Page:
The Girl with the Dragon Tattoo (2011)

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MOVIE RATING:  4 stars (B+)

Being that I’m 50% Swedish and that I’ve visited Sweden 3 times in my life so far (with a 4th coming in 2015), I’m always interested in movies from the homeland. Whether it’s movies set in Sweden, filmed in Sweden, about Swedes, starring Swedes, or made by Swedes. Combine that with one of my favorite directors of all time, David Fincher, and one could easily say I had “MASSIVE” expectations for The Girl With The Dragon Tattoo (2011). As my #1 Most Anticipated Movie of Fall 2011, director David Fincher’s english-language remake of the Swedish film had a lot to live up to. And it kind of didn’t initially. When I first saw the movie in the theater late last year, I was a bit disappointed. It just wasn’t exactly what I expected. I thought it lacked the extremely sharp and intelligent writing and feel of The Social Network (2010), Se7en (1995), and Fight Club (1999). Of course the acting, production design, cinematography, editing, sound, and music are all stellar and as good as any of Fincher’s finest films. But the story just didn’t grab me like those three masterpieces at first. I now see I was a bit too harsh on it. So I’ve upgraded my initial rating of 3.5 stars to 4 stars.

Daniel Craig, Rooney Mara, Christopher Plummer, Stellan Skarsgård and the rest of the supporting cast give absolutely wonderful performances. The casting was spot on. Yorick van Wageningen was an incredible discovery as the man that tortures and rapes Lisbeth Salander. As with every Fincher film, the production design is so perfectly detailed and brought to life that I felt completely like I was in Sweden (as I remember it from my trips), down to the details of the open-faced sandwiches. Donald Graham Burt is a master Production Designer, and that’s evidenced by his incredible filmography. Of course Trent Reznor and Atticus Ross’ score is hypnotizing, surprisingly appropriate, and flat out original. I don’t know how these guys come up with their music, and how Fincher and his editing team incorporate these pieces so well, but they did it again after nailing it on The Social Network (2010).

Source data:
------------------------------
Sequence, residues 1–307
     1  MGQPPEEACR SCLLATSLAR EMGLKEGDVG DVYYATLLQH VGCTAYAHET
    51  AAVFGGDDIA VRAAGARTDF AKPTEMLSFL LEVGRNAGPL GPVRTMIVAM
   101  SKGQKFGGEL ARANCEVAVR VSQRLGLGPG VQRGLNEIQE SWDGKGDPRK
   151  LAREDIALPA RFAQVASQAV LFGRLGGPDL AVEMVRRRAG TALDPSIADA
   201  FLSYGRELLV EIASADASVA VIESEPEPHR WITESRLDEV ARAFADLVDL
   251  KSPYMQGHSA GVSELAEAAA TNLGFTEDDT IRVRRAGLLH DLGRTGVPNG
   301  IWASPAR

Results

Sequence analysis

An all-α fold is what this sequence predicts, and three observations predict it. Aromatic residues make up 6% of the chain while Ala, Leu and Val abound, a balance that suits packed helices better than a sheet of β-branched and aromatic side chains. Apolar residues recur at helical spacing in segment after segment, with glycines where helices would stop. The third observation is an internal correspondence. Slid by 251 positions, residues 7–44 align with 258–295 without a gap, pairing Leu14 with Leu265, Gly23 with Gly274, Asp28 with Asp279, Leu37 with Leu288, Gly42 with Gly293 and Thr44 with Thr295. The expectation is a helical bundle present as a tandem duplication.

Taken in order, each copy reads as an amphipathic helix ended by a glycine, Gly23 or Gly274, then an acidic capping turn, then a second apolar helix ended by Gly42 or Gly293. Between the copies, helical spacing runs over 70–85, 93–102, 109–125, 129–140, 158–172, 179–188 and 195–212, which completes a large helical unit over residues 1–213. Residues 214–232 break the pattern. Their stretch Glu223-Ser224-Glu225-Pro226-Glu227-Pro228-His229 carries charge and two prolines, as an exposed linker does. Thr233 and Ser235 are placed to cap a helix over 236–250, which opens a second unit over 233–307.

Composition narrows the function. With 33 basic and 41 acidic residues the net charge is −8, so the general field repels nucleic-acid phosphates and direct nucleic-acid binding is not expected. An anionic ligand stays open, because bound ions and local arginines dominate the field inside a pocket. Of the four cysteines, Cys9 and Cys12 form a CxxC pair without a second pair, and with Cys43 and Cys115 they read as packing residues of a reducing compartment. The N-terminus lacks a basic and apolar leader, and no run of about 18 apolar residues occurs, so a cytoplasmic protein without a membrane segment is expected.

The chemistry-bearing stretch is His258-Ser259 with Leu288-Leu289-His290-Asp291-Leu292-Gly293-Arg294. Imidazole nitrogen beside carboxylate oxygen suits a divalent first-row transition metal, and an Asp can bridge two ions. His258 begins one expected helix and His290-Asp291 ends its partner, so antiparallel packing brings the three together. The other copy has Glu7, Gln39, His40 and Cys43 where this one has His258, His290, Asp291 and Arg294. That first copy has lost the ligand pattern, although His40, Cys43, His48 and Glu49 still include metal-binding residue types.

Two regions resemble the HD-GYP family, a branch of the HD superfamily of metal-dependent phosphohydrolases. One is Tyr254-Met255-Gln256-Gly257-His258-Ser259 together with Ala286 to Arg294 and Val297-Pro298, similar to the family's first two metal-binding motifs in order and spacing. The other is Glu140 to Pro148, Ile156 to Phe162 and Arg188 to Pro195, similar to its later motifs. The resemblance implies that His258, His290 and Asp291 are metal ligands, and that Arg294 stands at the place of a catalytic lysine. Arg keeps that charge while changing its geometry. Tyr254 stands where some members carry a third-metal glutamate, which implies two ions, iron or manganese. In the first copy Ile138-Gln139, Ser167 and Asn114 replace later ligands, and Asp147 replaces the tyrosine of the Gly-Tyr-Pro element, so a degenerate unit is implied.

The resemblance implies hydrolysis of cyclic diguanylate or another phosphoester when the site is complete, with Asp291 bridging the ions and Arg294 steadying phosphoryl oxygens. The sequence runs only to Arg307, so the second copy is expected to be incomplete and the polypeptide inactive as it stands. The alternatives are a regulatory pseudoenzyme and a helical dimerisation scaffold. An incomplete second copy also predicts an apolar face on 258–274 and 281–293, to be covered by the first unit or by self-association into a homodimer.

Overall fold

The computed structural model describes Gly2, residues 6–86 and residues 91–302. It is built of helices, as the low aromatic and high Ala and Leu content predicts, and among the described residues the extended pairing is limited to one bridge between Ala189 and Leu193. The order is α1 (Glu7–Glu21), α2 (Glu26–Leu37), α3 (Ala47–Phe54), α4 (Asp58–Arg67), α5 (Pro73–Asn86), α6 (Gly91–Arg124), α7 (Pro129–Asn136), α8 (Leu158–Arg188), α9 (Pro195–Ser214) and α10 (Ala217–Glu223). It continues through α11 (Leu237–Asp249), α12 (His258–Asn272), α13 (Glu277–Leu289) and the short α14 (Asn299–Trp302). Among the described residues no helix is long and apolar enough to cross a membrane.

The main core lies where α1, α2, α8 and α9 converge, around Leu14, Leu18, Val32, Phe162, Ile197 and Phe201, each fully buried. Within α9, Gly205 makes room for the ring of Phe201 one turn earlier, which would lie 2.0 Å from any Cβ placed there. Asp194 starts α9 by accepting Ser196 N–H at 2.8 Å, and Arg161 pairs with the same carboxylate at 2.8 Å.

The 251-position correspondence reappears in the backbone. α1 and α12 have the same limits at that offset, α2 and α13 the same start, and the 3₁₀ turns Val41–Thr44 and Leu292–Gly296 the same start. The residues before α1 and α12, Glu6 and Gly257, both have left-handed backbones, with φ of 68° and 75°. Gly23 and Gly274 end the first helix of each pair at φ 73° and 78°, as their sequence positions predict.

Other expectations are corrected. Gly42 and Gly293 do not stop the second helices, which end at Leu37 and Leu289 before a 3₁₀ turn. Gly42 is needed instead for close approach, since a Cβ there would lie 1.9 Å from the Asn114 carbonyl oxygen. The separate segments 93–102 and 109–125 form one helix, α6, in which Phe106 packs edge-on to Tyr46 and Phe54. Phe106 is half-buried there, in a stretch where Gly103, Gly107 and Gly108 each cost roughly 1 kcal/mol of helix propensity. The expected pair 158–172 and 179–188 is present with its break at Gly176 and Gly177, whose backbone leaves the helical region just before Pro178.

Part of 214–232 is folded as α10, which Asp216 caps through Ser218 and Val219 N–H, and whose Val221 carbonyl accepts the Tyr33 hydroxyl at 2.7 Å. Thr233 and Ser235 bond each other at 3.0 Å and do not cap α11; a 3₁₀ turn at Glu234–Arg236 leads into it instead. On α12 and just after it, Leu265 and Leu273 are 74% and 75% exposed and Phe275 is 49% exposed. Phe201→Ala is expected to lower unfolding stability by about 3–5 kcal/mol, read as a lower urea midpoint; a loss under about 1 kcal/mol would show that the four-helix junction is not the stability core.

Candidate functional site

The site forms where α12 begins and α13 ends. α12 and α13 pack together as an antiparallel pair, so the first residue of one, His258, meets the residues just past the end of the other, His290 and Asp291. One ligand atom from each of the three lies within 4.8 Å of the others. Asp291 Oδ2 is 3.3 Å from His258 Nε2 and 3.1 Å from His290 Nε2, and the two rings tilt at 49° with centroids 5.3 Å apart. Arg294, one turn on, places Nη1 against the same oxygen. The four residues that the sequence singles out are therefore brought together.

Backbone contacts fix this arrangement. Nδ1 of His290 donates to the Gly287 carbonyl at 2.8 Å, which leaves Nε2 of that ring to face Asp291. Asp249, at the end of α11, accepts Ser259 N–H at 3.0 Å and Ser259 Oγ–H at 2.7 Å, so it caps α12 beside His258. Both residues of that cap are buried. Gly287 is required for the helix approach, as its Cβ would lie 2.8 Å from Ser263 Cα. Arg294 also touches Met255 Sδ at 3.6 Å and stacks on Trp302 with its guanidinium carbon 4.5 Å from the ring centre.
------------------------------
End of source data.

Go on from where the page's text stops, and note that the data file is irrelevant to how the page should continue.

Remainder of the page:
I really can’t say enough about how beautiful and perfect the cinematography is by Jeff Cronenweth and his team. Shot entirely on Red digital cinema cameras, mostly the Red Epic, TGWTDT reminds us all why film is basically dead as the primary medium for making movies today. With the Red Epic and Arri Alexa digital cinema cameras, the imagery and dynamic range that can be captured in various lighting conditions is simply the best its ever been in the digital age. And Cronenweth really knows how to use his Red tools. You can take just about any and every frame from the movie (all 227,520 of them), and look at it as a piece of still art work.

The editing team of Kirk Baxter and Angus Wall provided a technically perfect edit that seamlessly marriages dialog, visuals, sound effects, music, and graphics, but I do think TGWTDT suffers from a pacing problem in its storytelling sometimes. It stalls and lags at times, causing me to lose interest. Whether that’s an issue of writing within the screenplay from screenwriter Steven Zaillian, or an editing issue, I’m not totally sure. I haven’t seen the original Swedish movie or read the original Stieg Larsson novel, so it’s hard to say if it’s in the translation from Swedish to English, or from book to film, or if it’s just David Fincher’s style. I do think the pacing is less of an issue on repeated viewings when one knows what’s going to happen and where its going. But that’s true of most movies. Regardless, I do think this was a very successful remake of a foreign language film that brought an original approach to the material and a new style and feel to it to appeal to an American audience. I actually hope they do remake the other 2 films in the trilogy.